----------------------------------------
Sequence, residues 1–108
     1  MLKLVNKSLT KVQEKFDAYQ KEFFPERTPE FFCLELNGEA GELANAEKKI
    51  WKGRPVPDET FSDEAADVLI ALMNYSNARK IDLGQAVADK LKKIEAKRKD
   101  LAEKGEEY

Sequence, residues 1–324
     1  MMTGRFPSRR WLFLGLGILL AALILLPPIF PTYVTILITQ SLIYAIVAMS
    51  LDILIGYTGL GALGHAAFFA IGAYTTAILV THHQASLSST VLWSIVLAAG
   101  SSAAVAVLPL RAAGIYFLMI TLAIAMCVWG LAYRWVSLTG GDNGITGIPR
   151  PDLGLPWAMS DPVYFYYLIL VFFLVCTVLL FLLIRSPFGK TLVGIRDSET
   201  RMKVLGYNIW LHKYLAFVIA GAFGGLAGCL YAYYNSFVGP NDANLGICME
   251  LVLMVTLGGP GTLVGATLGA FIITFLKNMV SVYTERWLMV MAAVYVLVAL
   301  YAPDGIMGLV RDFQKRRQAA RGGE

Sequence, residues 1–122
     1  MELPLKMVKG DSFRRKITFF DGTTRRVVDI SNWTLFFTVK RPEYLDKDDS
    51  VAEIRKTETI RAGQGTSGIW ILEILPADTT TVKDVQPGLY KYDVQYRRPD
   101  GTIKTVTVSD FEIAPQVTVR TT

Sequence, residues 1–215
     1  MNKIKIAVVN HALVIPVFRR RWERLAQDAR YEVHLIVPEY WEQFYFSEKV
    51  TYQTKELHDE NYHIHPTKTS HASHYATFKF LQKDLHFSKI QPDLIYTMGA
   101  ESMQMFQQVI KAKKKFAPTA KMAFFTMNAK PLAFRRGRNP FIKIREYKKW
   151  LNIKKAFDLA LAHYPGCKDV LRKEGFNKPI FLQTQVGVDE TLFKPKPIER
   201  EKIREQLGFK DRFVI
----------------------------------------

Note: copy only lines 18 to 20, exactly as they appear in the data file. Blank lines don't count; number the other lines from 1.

     1  MNKIKIAVVN HALVIPVFRR RWERLAQDAR YEVHLIVPEY WEQFYFSEKV
    51  TYQTKELHDE NYHIHPTKTS HASHYATFKF LQKDLHFSKI QPDLIYTMGA
   101  ESMQMFQQVI KAKKKFAPTA KMAFFTMNAK PLAFRRGRNP FIKIREYKKW